Neanderthals could make fire – just like our modern ancestors

Related Articles

Related Articles

Neanderthals were able to make fire on a large scale with the aid of pyrite and hand-axes.

This means they could decide when and where they wanted fire and were not dependent on natural fire, as was thought earlier.Archaeologist Andrew Sorensen has discovered the first material evidence for this. Publication in Scientific Reports.

Dependent on natural fire

 

‘Late prehistoric modern humans could make fire whenever they needed it,’ says archaeologist Andrew Sorensen. They did so by striking a piece of pyrite – a mineral that contains iron – with flint tools called strike-a-lights. But there was no evidence their more ancient relatives the Neanderthals, a long-extinct prehistoric human species, used this technique as well. The general idea was therefore that Neanderthals did not make their own fire, but were dependent on natural fires caused by lightning strikes, for instance. Sorensen: ‘They would have collected flaming sticks to light their own fires, which they kept burning at all times and were even able to take with them as they moved around.’ No mean feat, nor are you always guaranteed fire.

A hand axe from the research by Andrew Sorensen. In the marked sections there are microscopic traces are visible of the striking with pyrite.

Microscopic wear

This idea now appears to be incorrect, at least among some younger Neanderthal groups. Sorensen has discovered that our Stone Age cousins were able to make their own fires, and that this practice was widespread. Together with French archaeologist Emilie Claud and Leiden Archaeology Professor Marie Soressi, he discovered very specific microscopic wear on flint hand-axes (also called bifaces) from the Middle Palaeolithic, the era of the Neanderthals. ‘I recognised this type of wear from my earlier experimental work. These are the traces you get if you try to generate sparks by striking a piece of flint against a piece of pyrite.’ Only these hand-axes are much older than the fire making tools on which this wear has so far been found.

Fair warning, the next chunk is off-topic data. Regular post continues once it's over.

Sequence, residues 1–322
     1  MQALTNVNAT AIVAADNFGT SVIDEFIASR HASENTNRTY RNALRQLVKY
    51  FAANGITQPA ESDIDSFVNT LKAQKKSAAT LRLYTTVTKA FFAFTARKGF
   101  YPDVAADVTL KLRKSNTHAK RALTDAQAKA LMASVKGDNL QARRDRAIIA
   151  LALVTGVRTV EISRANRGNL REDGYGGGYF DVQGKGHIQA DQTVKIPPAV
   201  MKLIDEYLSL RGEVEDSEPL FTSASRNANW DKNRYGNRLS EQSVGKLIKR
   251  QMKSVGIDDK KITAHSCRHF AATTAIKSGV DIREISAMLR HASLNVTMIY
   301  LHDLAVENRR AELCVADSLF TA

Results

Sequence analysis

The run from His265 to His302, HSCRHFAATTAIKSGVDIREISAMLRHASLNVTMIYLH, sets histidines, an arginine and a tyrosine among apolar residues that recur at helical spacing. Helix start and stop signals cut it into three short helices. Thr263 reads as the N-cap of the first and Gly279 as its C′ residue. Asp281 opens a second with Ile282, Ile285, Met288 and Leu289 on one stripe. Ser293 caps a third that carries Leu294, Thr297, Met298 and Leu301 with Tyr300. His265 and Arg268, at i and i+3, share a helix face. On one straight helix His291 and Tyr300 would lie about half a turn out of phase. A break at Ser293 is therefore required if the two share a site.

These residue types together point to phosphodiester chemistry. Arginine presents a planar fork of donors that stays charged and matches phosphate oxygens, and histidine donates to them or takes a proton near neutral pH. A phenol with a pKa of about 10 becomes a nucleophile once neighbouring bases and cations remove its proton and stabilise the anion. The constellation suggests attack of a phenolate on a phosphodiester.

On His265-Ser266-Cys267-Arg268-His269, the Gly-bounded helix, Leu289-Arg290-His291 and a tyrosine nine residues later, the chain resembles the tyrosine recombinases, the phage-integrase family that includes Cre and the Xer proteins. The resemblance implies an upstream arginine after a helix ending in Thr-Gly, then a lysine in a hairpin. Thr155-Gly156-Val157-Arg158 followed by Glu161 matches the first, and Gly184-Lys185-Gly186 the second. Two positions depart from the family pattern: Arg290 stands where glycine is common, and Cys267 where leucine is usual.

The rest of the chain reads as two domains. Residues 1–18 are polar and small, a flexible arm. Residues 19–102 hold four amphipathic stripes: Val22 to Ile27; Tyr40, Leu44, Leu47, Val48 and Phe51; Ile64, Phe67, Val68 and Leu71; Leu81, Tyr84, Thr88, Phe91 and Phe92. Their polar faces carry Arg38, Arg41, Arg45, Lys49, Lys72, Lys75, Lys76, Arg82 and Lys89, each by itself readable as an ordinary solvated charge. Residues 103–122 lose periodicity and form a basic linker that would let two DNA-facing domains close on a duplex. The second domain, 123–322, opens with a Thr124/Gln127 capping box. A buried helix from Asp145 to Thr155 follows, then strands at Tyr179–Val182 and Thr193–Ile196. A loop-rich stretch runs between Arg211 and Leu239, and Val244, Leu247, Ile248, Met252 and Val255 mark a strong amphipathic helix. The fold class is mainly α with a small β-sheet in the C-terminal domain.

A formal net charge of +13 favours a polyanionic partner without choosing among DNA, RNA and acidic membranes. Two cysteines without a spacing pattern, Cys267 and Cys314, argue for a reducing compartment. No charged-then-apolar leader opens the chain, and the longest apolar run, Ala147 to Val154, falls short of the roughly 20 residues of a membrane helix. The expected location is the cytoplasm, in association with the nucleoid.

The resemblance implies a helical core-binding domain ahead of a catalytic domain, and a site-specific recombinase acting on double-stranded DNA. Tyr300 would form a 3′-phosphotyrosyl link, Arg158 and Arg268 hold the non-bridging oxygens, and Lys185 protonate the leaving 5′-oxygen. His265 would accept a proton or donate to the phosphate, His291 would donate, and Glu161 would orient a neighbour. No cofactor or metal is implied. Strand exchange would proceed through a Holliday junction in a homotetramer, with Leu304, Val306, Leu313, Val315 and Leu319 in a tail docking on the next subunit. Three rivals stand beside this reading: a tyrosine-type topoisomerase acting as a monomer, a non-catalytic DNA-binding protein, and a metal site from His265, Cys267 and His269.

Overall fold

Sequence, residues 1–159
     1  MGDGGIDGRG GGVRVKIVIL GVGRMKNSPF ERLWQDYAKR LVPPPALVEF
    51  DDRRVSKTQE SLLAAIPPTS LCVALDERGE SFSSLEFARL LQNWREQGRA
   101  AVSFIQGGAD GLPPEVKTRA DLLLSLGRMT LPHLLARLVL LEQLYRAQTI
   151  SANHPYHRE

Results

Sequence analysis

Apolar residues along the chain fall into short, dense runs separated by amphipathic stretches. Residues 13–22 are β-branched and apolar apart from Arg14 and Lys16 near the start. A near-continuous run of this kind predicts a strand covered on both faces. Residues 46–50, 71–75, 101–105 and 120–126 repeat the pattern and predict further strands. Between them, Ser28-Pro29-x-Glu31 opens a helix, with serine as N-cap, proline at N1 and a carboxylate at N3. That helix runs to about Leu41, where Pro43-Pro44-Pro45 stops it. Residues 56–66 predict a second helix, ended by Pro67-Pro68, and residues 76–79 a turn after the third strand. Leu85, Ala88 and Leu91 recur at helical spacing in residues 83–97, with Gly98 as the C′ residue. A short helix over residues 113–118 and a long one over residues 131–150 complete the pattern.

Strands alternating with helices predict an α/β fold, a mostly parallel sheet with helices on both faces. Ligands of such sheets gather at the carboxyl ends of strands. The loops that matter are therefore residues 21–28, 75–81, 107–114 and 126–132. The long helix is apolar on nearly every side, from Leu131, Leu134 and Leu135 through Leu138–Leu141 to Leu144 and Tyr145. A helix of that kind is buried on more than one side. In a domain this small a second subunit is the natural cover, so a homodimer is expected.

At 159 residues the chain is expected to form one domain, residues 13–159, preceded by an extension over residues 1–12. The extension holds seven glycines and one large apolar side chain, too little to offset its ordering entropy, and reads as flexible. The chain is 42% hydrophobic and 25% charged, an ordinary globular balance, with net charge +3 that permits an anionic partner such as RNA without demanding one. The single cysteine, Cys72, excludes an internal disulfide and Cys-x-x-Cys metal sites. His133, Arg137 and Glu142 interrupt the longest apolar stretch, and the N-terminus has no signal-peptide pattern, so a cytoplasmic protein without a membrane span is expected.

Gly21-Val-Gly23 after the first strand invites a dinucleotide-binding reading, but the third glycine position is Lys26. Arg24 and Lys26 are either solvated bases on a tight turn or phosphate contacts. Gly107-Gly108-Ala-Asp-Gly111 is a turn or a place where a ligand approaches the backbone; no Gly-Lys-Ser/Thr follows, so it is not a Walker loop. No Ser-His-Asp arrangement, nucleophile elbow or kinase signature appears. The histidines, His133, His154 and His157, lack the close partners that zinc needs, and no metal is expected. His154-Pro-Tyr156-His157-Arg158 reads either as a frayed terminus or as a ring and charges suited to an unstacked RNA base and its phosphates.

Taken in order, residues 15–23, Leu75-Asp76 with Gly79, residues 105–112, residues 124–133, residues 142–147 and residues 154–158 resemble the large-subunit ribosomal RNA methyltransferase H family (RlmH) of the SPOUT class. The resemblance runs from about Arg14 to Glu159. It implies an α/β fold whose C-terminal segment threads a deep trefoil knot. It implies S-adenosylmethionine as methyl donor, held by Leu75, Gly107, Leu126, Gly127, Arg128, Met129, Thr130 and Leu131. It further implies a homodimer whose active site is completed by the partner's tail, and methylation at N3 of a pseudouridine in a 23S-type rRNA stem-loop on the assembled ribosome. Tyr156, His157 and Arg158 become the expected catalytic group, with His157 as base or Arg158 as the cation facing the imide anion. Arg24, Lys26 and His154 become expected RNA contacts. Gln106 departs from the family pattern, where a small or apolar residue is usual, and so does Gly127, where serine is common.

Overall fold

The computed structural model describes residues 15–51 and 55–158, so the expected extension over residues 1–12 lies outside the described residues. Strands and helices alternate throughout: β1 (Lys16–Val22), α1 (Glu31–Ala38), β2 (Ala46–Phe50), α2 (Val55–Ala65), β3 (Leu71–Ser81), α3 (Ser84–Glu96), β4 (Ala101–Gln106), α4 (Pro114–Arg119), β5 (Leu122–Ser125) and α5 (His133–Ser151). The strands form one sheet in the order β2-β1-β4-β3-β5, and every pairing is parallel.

Making fire on a large scale

Sorensen and Claud studied dozens of hand-axes of about 50,000 years in age from various sites throughout France. They found the same distinctive wear on all of them. ‘This proves that it was not an incidental find, but that the Neanderthals could make fire on a large scale,’ says Sorensen. And that is of huge significance. Sorensen explains: ‘Being able to make their own fire gives the Neanderthals much more flexibility in their lives. It’s a skill we suspected, but didn’t know for sure they possessed. That they figured out bashing two rocks together could produce a brand new substance (fire) completely unlike the parent materials gives us new insight into the cognitive skills of Neanderthals. It shows Neandertals possessed similar technological capabilities to modern humans, even though they sometimes behaved differently.’

Striking flint with pyrite

With a combination of microscopic research and experiments, Sorensen discovered that the traces of wear were specific to fire making. ‘You see percussion marks in the shape of a letter C. You also see parallel scratches, or striations, along the length of the hand-axe and mineral polish on the surface.’ He carried out various experiments to eliminate other causes of this distinctive wear. He used hand-axes to grind pigments, sharpen other tools, and for other pounding and rubbing activities using various types of stone. ‘A hand-axe was the Neanderthal Swiss Army Knife. They used them for everything. But only making fire with pyrite would have produced this exact suite of use-wear traces.’